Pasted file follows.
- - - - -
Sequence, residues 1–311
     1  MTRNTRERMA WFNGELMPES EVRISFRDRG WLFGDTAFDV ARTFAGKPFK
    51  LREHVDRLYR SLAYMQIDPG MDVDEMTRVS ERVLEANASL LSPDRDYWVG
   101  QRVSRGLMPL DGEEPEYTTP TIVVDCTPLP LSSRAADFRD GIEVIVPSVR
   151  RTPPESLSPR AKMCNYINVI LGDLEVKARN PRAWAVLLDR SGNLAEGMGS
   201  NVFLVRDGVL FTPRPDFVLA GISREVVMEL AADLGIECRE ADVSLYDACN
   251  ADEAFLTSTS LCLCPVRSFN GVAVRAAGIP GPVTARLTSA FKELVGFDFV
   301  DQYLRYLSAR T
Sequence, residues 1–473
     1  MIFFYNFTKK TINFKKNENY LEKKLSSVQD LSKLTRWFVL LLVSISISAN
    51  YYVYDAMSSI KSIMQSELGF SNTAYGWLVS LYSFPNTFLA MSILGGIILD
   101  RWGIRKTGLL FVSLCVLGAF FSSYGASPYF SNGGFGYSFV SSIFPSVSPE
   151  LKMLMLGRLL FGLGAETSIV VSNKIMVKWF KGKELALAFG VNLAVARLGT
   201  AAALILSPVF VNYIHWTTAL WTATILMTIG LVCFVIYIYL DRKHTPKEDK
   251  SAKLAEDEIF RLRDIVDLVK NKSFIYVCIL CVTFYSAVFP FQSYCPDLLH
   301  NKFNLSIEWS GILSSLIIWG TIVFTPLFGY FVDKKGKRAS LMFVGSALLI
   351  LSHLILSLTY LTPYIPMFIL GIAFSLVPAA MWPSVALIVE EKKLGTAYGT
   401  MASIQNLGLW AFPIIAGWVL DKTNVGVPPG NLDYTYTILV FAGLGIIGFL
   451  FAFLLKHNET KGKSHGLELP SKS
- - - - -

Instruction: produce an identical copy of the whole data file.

Sequence, residues 1–311
     1  MTRNTRERMA WFNGELMPES EVRISFRDRG WLFGDTAFDV ARTFAGKPFK
    51  LREHVDRLYR SLAYMQIDPG MDVDEMTRVS ERVLEANASL LSPDRDYWVG
   101  QRVSRGLMPL DGEEPEYTTP TIVVDCTPLP LSSRAADFRD GIEVIVPSVR
   151  RTPPESLSPR AKMCNYINVI LGDLEVKARN PRAWAVLLDR SGNLAEGMGS
   201  NVFLVRDGVL FTPRPDFVLA GISREVVMEL AADLGIECRE ADVSLYDACN
   251  ADEAFLTSTS LCLCPVRSFN GVAVRAAGIP GPVTARLTSA FKELVGFDFV
   301  DQYLRYLSAR T
Sequence, residues 1–473
     1  MIFFYNFTKK TINFKKNENY LEKKLSSVQD LSKLTRWFVL LLVSISISAN
    51  YYVYDAMSSI KSIMQSELGF SNTAYGWLVS LYSFPNTFLA MSILGGIILD
   101  RWGIRKTGLL FVSLCVLGAF FSSYGASPYF SNGGFGYSFV SSIFPSVSPE
   151  LKMLMLGRLL FGLGAETSIV VSNKIMVKWF KGKELALAFG VNLAVARLGT
   201  AAALILSPVF VNYIHWTTAL WTATILMTIG LVCFVIYIYL DRKHTPKEDK
   251  SAKLAEDEIF RLRDIVDLVK NKSFIYVCIL CVTFYSAVFP FQSYCPDLLH
   301  NKFNLSIEWS GILSSLIIWG TIVFTPLFGY FVDKKGKRAS LMFVGSALLI
   351  LSHLILSLTY LTPYIPMFIL GIAFSLVPAA MWPSVALIVE EKKLGTAYGT
   401  MASIQNLGLW AFPIIAGWVL DKTNVGVPPG NLDYTYTILV FAGLGIIGFL
   451  FAFLLKHNET KGKSHGLELP SKS